Anyways, I did talk to a bunch of pensioners at the protest, and got an interesting impression. They were there protesting, but not necessarily for their rights, and instead just to get rid of Misha. I told a few of them that I understood that they were against the president, and asked if they were for anything, to which they responded, “Oh, yes, we are for being against the president.” I kind of sighed, hoping to hear some kind of proposed change or dream for the future, and moved on. As I said, I really feel that civil society is pretty weak and atomized here, meaning that it is not very unified or organized. It is less of a society where people can interact with each other, and more a society of individuals. They all came together as individuals, less as organized groups, to show their discontent with the government, but I really feel like sustained parties with grassroots support would be more effective. One of the problems is that there are so many political parties here, each taking only a small segment of the population. A parliamentary government, while perhaps more accountable and democratic in principle, would be unstable and easily dissolved, and I could see a lot of the action taking place behind closed doors (which seems to be the situation now).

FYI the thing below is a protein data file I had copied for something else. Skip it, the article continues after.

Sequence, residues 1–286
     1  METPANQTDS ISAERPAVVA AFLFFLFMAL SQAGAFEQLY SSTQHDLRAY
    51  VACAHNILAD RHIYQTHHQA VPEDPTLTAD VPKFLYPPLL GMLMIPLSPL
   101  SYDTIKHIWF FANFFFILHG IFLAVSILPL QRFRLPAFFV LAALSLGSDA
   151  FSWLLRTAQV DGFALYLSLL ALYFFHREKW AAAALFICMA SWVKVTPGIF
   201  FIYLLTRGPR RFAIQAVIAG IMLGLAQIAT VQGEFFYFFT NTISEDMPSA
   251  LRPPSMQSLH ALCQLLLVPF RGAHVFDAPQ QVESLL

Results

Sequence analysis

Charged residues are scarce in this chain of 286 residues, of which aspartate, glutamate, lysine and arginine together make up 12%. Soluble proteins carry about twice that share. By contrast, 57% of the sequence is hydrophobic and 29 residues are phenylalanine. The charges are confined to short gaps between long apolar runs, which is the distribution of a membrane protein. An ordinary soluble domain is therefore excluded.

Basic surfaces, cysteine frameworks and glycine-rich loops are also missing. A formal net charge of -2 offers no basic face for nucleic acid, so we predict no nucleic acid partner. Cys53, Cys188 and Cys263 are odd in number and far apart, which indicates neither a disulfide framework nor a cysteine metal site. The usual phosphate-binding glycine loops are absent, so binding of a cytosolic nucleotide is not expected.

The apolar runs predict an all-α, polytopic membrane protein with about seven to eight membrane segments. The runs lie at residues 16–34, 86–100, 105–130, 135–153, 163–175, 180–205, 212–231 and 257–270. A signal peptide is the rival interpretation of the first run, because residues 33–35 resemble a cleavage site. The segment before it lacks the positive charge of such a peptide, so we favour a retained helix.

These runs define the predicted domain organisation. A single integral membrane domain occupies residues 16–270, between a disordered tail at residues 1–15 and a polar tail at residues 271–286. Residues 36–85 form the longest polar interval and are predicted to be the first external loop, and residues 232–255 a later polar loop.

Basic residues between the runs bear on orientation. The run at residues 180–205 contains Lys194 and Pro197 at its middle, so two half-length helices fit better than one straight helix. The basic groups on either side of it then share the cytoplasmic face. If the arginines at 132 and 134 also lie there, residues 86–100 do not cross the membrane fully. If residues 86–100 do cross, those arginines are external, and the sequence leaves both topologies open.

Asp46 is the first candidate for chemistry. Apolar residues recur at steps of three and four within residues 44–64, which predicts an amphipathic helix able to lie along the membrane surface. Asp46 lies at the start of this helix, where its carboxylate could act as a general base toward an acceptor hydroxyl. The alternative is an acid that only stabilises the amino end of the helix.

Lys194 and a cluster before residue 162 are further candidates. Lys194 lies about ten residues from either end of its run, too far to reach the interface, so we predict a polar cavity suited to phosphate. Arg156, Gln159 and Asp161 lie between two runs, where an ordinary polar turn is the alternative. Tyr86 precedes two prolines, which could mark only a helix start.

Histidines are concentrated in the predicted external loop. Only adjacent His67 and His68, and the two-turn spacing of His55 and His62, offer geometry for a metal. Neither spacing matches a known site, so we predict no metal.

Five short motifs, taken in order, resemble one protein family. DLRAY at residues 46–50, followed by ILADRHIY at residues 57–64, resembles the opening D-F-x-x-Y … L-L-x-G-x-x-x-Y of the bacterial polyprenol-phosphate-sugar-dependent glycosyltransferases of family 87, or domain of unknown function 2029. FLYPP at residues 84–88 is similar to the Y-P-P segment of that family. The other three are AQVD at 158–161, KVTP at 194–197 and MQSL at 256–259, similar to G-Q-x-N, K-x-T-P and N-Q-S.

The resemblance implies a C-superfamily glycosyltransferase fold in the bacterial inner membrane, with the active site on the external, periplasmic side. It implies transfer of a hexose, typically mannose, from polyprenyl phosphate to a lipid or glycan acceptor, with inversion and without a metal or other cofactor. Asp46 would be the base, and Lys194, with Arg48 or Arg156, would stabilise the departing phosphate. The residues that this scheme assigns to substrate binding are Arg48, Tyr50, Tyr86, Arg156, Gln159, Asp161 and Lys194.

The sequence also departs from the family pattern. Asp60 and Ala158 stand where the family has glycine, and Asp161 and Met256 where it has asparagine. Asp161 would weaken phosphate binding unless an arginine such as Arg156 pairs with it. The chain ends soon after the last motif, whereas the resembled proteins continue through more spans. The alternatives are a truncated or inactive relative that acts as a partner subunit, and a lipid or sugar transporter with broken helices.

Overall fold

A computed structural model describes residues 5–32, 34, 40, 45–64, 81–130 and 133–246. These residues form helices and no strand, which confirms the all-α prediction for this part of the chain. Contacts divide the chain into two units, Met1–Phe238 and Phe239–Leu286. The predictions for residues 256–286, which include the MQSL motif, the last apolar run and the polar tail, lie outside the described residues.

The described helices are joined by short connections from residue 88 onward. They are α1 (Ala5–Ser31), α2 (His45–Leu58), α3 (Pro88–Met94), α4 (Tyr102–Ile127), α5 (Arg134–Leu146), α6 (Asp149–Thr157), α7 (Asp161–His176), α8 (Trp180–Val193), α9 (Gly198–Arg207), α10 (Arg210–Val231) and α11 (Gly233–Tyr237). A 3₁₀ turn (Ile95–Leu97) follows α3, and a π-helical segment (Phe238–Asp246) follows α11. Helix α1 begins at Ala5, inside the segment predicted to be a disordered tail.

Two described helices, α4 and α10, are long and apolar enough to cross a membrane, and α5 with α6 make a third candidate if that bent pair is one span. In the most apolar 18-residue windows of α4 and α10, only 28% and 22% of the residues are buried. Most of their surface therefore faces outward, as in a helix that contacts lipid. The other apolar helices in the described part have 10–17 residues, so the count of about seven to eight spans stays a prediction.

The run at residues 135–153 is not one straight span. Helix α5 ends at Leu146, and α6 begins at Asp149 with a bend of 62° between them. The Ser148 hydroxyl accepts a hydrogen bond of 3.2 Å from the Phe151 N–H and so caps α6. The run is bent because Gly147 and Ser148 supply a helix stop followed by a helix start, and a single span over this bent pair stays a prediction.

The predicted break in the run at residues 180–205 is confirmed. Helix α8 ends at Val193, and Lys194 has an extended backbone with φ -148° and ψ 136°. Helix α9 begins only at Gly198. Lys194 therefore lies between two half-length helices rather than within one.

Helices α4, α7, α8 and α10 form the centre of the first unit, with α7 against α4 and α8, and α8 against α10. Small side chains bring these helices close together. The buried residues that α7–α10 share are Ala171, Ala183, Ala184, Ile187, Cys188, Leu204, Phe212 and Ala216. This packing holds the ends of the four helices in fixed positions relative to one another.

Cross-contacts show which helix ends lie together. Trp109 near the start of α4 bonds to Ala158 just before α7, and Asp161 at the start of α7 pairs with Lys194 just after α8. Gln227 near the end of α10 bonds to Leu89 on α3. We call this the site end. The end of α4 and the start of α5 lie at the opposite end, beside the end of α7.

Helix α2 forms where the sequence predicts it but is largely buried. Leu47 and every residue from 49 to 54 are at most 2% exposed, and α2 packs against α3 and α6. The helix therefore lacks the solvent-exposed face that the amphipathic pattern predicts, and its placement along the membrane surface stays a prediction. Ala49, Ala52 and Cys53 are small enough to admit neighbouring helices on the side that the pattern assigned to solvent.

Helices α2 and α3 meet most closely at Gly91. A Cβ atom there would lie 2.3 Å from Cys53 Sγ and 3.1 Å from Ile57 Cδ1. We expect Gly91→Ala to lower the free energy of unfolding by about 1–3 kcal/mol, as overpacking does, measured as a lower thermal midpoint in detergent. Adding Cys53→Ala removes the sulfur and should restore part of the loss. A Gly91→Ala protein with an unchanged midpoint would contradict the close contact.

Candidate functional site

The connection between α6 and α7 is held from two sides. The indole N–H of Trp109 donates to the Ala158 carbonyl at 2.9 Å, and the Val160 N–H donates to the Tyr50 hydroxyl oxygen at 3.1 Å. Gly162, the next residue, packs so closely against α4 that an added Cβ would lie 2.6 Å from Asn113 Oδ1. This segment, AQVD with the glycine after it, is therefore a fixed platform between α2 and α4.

The fact that there were so many pensioners at the protest is an indication that they have some kind of political consciousness, even if their goals are negative goals (I mean being anti-something without a clear or unified alternative of what they are for). The real thing I came to study were the protests held by pensioners demonstrating for increased pensions and rights. The lack of civil society is a little disheartening, although I am finding the country quite interesting and will wholeheartedly study this lack of civil society.

To address the other points of my previous post: the bombing in Vladikavkaz is pretty clearly not Georgian and I don’t think the Russians are trying to construe it as such, the Lari has gotten a little stronger, although it is still down (with high margins between the buying and selling price), and we have electricity again (but yeah, no internets).

See you later, more posts soon!

Written by bensweeney

November 10, 2008 at 3:15 pm